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The Frightening Psychosocial Consequences of Cosmetic Microtransactions

by George Karapetsas

Is it really “just cosmetic”? 


Nobody likes loot boxes. Nobody likes having to spin for ages opening crates or packs in the hopes of gaining a competitive edge. This isn’t a new sentiment, either: in the past year alone, gamers have spoken out in their droves against microtransactions and pay-to-win practices in EA’s Star Wars Battlefront II, Activision’s Call of Duty Black Ops 4 and Bethesda’s Fallout 76. Although some may consider apologies from EA and Bethesda for “not getting it right” as proof that developers are capable of change, it’s easy to wonder whether this is a sincere commitment or whether it simply serves as an incentive for them to try a different aggressive monetization strategy, simply preying on something other than a competitive advantage. 

With that in mind, it would appear that developers have turned their focus to encouraging gamers to spend money on in-game purchases by tying them to cosmetics and social status. More than half of gamers would disagree with that, arguing that there is nothing wrong with these forms of in-game purchases, but that relaxed attitude towards aggressive monetization is what enables developers to continue trying it. In order to understand how this is possible, it’s important to understand a little bit of social psychology — namely, the concept of social proof, which refers to individuals’ tendency to view certain behaviours as being more correct if they see more people engaging in them. The best way for a game developer to employ this concept is to make sure that other players see how much others spend. A prime example here is Fortnite, which has a community centred around characters skins to the point where children get bullied if they don’t spend

From a purely financial standpoint, businesses want to capitalise on this. Being “default” is seen as an incorrect behaviour; if all your friends are rocking the newest legendary skin and you’re stuck in the game’s drab default gear, then psychologically, you feel like you’re doing something wrong — whether it’s lacking in skill, commitment, enjoyment or otherwise. Plenty of YouTube compilations reinforce this narrative too, reprimanding and chastising those who stay “default”. The desire to fit in, conform and be validated by their peers places gamers (especially younger ones) in a tough position where they feel the need to rapidly acquire new skins in order to justify themselves as “real gamers” to others, and it’s that tough position that leads to the never-ending cycle of in-game purchases.

Fortnite Battle Royale's default male character skin.

Being seen like this is equivalent to wearing a giant “Kick Me” sign.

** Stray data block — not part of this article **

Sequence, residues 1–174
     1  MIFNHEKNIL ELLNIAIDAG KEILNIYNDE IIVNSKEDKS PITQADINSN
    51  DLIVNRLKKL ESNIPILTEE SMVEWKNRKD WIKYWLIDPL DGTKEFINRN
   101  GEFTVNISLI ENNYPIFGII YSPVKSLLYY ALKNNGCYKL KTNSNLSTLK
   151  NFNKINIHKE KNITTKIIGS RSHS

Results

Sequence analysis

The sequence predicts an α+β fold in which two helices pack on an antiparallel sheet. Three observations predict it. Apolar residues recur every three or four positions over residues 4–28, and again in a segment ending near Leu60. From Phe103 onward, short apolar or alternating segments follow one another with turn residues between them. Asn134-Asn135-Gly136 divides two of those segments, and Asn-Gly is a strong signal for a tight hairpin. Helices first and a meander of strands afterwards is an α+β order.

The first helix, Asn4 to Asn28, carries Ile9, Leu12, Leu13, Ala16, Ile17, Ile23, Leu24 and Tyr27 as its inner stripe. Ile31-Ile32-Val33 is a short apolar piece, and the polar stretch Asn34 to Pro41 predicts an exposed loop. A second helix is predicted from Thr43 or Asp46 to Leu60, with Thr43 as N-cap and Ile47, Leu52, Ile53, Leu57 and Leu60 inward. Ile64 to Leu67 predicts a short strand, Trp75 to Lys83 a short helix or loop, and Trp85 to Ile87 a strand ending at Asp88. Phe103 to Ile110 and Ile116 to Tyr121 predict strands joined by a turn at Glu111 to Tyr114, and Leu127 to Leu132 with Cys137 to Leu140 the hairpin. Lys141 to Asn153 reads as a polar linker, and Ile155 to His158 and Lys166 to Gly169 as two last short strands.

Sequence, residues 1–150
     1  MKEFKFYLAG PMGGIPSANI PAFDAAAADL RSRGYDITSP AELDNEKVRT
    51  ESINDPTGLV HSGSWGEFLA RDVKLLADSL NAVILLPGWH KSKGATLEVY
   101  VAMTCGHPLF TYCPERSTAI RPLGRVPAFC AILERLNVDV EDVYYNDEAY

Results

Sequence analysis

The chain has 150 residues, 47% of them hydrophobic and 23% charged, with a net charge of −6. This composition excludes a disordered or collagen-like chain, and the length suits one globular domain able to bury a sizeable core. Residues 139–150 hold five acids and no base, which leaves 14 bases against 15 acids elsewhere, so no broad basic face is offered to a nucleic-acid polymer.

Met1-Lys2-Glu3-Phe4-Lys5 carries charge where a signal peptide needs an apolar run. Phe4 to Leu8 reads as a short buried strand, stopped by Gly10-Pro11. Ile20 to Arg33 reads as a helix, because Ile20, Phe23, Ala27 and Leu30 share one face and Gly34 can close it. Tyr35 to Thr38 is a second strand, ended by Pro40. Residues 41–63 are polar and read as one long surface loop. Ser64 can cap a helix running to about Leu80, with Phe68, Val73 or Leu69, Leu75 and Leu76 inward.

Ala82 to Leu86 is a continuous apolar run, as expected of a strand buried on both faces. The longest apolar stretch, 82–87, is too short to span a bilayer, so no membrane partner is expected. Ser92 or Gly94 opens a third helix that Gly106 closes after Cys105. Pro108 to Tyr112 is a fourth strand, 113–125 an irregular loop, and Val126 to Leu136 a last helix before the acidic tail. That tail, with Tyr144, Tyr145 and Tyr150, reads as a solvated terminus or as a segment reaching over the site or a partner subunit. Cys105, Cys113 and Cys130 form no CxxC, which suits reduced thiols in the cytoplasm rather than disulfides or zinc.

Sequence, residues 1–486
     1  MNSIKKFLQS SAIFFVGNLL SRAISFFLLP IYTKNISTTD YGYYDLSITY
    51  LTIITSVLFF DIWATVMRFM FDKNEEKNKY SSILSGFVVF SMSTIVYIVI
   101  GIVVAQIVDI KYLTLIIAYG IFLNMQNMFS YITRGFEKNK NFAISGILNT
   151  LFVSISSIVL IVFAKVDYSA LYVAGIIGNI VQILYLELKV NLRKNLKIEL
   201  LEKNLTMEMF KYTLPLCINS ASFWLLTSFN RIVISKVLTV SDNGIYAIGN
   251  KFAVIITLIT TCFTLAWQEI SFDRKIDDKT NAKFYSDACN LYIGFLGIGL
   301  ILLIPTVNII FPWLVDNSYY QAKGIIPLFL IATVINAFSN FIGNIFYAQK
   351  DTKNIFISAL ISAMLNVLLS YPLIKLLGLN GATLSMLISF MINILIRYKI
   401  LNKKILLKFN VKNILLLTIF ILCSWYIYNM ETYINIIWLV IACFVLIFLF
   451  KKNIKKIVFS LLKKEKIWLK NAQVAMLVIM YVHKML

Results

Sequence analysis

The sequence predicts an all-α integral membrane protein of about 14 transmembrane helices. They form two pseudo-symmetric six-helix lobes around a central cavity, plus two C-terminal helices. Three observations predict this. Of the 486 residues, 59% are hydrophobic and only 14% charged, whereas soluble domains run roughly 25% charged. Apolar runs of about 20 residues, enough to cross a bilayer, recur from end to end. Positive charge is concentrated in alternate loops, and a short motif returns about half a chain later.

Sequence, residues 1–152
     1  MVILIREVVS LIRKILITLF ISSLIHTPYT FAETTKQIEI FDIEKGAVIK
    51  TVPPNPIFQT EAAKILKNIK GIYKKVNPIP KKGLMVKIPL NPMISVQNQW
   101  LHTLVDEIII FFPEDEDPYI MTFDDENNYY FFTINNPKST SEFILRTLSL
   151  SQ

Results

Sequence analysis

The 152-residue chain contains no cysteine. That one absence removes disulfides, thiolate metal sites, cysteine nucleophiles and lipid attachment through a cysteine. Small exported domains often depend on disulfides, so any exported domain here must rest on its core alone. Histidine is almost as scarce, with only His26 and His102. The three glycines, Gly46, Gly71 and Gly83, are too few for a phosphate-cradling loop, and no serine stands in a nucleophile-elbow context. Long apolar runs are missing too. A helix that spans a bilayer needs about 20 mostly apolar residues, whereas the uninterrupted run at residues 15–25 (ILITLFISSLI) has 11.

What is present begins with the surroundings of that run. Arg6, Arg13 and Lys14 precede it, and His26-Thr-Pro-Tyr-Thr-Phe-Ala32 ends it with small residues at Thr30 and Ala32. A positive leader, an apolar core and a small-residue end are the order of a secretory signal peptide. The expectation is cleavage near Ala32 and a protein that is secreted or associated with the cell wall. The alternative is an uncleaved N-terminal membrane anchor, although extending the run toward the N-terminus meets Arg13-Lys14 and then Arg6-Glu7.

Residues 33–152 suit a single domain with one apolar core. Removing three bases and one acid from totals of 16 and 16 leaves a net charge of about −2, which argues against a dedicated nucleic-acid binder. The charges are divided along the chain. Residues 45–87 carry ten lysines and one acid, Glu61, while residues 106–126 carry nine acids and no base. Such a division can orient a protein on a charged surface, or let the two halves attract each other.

In Fortnite’s case, it’s the community itself that has dictated and reinforced microtransactions as the “correct” behaviour, but developers can occasionally — and have, quite recently — play their part. Although his comments may have been a misguided, poorly executed attempt at humour, Respawn Entertainment’s Drew McCoy recently came under fire for calling Apex Legends players who weren’t happy with the developer’s aggressive monetisation of its Iron Crown event “freeloaders” and “asshats”, suggesting (albeit subconsciously) that the developer’s desired player behaviour involves spending money on its free-to-play game. 

McCoy’s comments are another form of social proof, one where it’s an authority figure of sorts dictating the correct response rather than the community itself. The backlash that McCoy suffered as a result of his comments, however, does suggest that developers don’t have enough weight in the gaming community to be able to tell their audience the right and wrong ways to engage with their games; unfortunately, that is a rare exception to the concept of social proof rather than the rule. 

Pay-to-win microtransactions aside, 2K Games’ advertising campaign for NBA 2K20 highlights another aspect of social proof by using influencers as an “authority figure.” The MyTEAM trailer that the company released in August, shortly before the game’s release, used several popular NBA 2K content creators to showed off several aspects of the microtransaction-heavy game mode, indicating that the “correct” way to play NBA 2K20 involved buying card packs, playing a roulette wheel and spinning slot machines. Those likely-paid influencers had a very simple role: promoting the obsessive grind and likely money-sucking approach to engaging those casino-esque elements to their fans as the right way to interact with MyTEAM (and NBA 2K20 as a whole).